Tax Tips – October 2020
Despite the bite of COVID-19 and its effects on our economy, our people and our truckers, there are success stories within our industry. Though social distancing and sanitization have made our lives more difficult, it’s still prudent to know what our taxes will look like going forward. We hope the following will be beneficial to you all.
Q. My trucking business is doing much better than last year, and I don’t want to shell out a huge check on April 15 like last year to pay taxes and penalties. How much should I set aside for taxes, and should I buy the new truck I mentioned to you?
A. In order to properly plan for your taxes and for tax savings, have an income tax projection prepared. With nine months of operations under your belt, it would be best to project your net income to reflect a full 12 months of operations and project your taxes as if we were doing your actual return. This would include year-end adjustments for depreciation, business interest, per diem and so forth. The adjusted net income would then be incorporated into an income tax projection which will show your expected tax situation at April 15.
However, since it is only October, you would have plenty of time to plan for tax savings.
You may purchase the new rig you have been thinking about or prepare for a 401(k) or IRA tax-deductible contribution to your retirement plan. No matter what you decide, it’s extremely important to give yourself enough time to huddle with your financial expert so that your tax planning options can be put into place by Dec. 31.
If anything, eliminate or decrease any underpayment of tax penalties by paying your adjusted estimated taxes on time (Jan. 15) and possibly avoid having any balance due at tax time. The projection can also be used to show the amount of tax savings you could realize if you did buy the new truck, make a retirement plan contribution, or apply any other tax-saving ideas. You can then decide if the tax savings warrant acquiring the new truck or other tax-saving ideas.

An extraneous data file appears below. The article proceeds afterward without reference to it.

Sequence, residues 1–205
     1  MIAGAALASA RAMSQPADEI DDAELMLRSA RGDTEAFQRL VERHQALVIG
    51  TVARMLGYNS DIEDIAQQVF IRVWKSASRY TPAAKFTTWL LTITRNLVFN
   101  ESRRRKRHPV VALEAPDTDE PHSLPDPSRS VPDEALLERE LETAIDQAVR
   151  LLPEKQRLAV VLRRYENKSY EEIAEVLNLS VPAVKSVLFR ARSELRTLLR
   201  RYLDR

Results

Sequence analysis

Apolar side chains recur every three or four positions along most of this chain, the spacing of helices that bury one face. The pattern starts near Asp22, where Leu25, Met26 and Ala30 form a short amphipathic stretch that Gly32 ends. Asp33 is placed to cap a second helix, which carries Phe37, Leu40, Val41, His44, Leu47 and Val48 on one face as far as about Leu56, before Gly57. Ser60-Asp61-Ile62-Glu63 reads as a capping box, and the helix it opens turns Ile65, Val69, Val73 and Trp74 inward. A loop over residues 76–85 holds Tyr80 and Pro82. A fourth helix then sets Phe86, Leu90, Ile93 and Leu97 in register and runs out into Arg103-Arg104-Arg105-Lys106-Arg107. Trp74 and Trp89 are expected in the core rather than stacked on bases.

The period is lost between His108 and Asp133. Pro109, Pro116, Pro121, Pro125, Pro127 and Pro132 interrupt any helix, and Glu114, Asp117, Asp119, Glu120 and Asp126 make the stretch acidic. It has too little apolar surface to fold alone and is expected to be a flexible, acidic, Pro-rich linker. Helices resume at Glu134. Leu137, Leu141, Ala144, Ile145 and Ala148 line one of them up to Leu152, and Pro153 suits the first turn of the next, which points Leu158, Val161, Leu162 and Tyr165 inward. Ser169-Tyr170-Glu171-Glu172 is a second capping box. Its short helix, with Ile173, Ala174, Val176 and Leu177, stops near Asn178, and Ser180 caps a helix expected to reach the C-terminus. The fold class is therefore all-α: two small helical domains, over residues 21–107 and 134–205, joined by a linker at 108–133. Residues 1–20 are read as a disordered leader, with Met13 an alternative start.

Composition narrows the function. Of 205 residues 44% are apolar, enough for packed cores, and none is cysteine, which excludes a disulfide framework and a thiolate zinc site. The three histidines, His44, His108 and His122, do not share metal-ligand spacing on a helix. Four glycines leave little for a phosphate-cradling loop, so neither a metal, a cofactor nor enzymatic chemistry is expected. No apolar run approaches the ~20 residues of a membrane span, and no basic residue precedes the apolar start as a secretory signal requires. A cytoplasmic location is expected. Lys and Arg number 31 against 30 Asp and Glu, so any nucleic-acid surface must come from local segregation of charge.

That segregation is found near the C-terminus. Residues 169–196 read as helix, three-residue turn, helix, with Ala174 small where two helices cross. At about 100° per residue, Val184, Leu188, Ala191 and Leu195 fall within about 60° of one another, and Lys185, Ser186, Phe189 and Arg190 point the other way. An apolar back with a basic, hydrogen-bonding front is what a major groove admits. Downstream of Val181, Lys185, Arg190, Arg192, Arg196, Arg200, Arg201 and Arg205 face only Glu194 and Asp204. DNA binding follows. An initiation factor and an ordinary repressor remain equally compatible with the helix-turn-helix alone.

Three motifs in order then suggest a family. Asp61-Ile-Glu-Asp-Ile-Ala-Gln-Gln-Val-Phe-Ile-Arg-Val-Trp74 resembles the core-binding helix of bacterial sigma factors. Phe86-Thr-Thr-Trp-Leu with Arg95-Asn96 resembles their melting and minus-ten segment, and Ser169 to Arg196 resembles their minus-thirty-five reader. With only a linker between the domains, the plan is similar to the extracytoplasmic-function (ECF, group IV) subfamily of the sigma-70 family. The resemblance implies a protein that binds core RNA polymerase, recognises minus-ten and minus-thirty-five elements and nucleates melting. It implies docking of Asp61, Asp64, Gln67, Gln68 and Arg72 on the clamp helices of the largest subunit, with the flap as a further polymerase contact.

TAX TIP: If you buy a truck or trailer, it is not enough to enter into a contract before year-end to get the depreciation deduction. You must put that truck or trailer into service prior to year-end.
TAX TIP: Do not buy a truck or trailer just to save on taxes. Make sure it’s a money-making proposition without factoring in the tax benefits.
Q. I sold my truck last year for $35,000. It cost me $60,000. Do I have a loss of $25,000?
A. No, you do not have a loss of $25,000. When you sell an asset such as a truck, you must compute its adjusted basis. You then compare its adjusted basis to the sale price and that will determine your gain or loss. Let’s say you bought the truck for $60,000 but over a few years you took $40,000 in depreciation. You then take $60,000 minus $40,000 taken in depreciation which leaves $20,000 as your adjusted basis. Now, assume you sold the truck for $30,000. You take the sale price of $30,000 and subtract the $20,000 adjusted basis and that leaves a $10,000 gain. LL
This article has been presented by PBS Tax & Bookkeeping Service, a company which has been providing income tax and bookkeeping services to the trucking industry for over a quarter century. If you would like further information, please contact us at 800-697-5153. Visit their website at pbstax.com.
Everyone’s financial situation is different. This article does not give and is not intended to give specific accounting and/or tax advice. Please consult with your own tax or accounting professional.